It is easy to say that Johnson compares favorably to pitchers like Jackson, Wilson, and Buehrle, but teams have become more and more wary of pitchers with injury risks. Kyle Lohse, who has a 3.11 aggregate ERA over the last two seasons, is still without a home and part of the reason is his 2010 forearm surgery. Lohse had dealt with groin and forearm problems in the prior year as well. Reliever Brian Wilson is also unsigned after having Tommy John surgery this past April.

There is still no guarantee that Johnson will generate buzz even with a strong season. Still, it’s the only way the right-hander will have a chance at securing himself one more big payday. Johnson will be 30 years old at the start of his next deal. While he could take a one- or two-year deal to continue reestablishing his value, teams will be less and less likely to offer him lengthy, money-laden deals with every passing year.

Red Sox sign outfielder Chris Young

Chris Young Getty
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Veteran outfielder Chris Young thrived in a platoon role for the Yankees this past season and now he’s headed to the rival Red Sox to fill a similar role, signing a multi-year deal with Boston according to Ken Rosenthal of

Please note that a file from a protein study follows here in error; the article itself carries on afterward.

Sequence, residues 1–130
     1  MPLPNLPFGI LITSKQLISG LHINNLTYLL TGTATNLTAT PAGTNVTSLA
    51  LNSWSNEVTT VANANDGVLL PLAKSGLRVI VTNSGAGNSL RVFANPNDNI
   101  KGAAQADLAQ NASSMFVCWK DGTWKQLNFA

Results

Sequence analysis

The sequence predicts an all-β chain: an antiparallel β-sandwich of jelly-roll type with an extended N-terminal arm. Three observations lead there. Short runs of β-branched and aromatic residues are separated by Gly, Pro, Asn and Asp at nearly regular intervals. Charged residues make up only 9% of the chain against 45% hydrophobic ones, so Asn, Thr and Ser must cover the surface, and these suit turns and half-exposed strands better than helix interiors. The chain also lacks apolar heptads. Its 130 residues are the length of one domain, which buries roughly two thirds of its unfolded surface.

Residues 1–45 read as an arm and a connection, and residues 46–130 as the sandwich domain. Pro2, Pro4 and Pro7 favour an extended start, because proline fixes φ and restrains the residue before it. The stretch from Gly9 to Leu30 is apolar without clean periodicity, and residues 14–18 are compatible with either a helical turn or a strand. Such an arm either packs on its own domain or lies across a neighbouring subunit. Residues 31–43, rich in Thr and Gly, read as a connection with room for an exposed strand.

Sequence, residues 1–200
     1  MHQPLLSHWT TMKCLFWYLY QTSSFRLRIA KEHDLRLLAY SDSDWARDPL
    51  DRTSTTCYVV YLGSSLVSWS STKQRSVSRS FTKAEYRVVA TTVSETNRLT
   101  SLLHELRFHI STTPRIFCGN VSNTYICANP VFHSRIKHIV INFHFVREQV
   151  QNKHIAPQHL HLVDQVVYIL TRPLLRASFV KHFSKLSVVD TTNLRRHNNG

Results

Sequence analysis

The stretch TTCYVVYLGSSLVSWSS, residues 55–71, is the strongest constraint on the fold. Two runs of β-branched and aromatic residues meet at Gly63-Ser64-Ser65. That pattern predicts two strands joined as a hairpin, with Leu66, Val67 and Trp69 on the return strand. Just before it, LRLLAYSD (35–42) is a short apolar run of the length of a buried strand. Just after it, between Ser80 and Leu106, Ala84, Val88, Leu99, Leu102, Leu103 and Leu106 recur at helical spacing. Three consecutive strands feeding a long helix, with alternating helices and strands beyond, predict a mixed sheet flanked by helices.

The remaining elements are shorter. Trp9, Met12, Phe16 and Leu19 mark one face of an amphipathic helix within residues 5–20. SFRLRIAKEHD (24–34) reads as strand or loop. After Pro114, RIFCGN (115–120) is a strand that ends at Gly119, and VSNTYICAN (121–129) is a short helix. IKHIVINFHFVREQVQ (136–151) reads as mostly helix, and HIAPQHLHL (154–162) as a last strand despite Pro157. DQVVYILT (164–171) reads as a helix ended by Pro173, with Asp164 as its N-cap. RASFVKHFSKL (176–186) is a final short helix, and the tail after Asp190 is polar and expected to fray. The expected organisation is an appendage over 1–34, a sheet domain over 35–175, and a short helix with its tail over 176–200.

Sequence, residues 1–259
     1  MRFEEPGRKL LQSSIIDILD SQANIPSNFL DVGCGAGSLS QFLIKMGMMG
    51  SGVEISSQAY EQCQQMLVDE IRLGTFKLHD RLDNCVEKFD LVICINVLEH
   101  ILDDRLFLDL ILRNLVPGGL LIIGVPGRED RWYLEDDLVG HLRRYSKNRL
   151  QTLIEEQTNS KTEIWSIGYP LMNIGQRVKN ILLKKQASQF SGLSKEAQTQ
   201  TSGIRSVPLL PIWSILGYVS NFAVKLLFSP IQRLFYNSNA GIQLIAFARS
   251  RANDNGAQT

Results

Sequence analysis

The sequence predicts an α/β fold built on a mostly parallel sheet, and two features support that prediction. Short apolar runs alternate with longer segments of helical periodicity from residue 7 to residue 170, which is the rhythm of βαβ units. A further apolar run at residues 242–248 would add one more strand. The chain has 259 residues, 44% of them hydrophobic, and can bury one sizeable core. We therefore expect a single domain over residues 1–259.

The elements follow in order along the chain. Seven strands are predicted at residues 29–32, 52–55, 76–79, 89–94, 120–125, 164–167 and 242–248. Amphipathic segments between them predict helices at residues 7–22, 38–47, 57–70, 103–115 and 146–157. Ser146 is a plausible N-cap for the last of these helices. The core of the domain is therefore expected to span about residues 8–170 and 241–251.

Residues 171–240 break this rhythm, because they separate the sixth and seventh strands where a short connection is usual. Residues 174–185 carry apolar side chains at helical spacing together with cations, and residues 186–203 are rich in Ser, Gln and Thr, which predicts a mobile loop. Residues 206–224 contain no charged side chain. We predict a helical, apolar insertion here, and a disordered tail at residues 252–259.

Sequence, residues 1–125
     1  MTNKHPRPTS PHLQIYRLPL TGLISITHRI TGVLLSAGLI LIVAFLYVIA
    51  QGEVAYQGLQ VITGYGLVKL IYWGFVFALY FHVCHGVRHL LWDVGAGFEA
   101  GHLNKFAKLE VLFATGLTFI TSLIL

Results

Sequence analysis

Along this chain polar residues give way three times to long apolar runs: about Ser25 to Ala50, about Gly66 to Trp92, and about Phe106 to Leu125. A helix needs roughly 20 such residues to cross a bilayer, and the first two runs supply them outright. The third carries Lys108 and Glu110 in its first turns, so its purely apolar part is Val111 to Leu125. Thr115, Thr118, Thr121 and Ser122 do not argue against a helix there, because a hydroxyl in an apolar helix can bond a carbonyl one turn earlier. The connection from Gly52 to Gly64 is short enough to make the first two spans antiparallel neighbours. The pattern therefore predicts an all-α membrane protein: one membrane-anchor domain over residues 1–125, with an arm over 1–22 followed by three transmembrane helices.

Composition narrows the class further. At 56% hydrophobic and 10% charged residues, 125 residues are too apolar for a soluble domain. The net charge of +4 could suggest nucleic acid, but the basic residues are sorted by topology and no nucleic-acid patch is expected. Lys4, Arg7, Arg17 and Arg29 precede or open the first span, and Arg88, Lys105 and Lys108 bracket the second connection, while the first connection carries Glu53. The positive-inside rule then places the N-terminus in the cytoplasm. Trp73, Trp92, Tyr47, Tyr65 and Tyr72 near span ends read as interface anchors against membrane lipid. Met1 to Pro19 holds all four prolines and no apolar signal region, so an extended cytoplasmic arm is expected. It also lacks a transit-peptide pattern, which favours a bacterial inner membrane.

Young was once an everyday center fielder for the Diamondbacks, making the All-Star team in 2010 at age 26, but for the past 3-4 years he’s gotten 300-350 plate appearances in a part-time role facing mostly left-handed pitching. He hit .252 with 14 homers and a .773 OPS for the Yankees, but prior to that failed to top a .700 OPS in 2013 or 2014.

Given the Red Sox’s outfield depth–Mookie Betts, Rusney Castillo, Jackie Bradley Jr., Brock Holt–Young is unlikely to work his way into everyday playing time at age 32, but he should get another 300 or so plate appearances while also providing a veteran fallback option. And it’s possible his arrival clears the way for a trade.

David Price said to care about more than just the money

David Price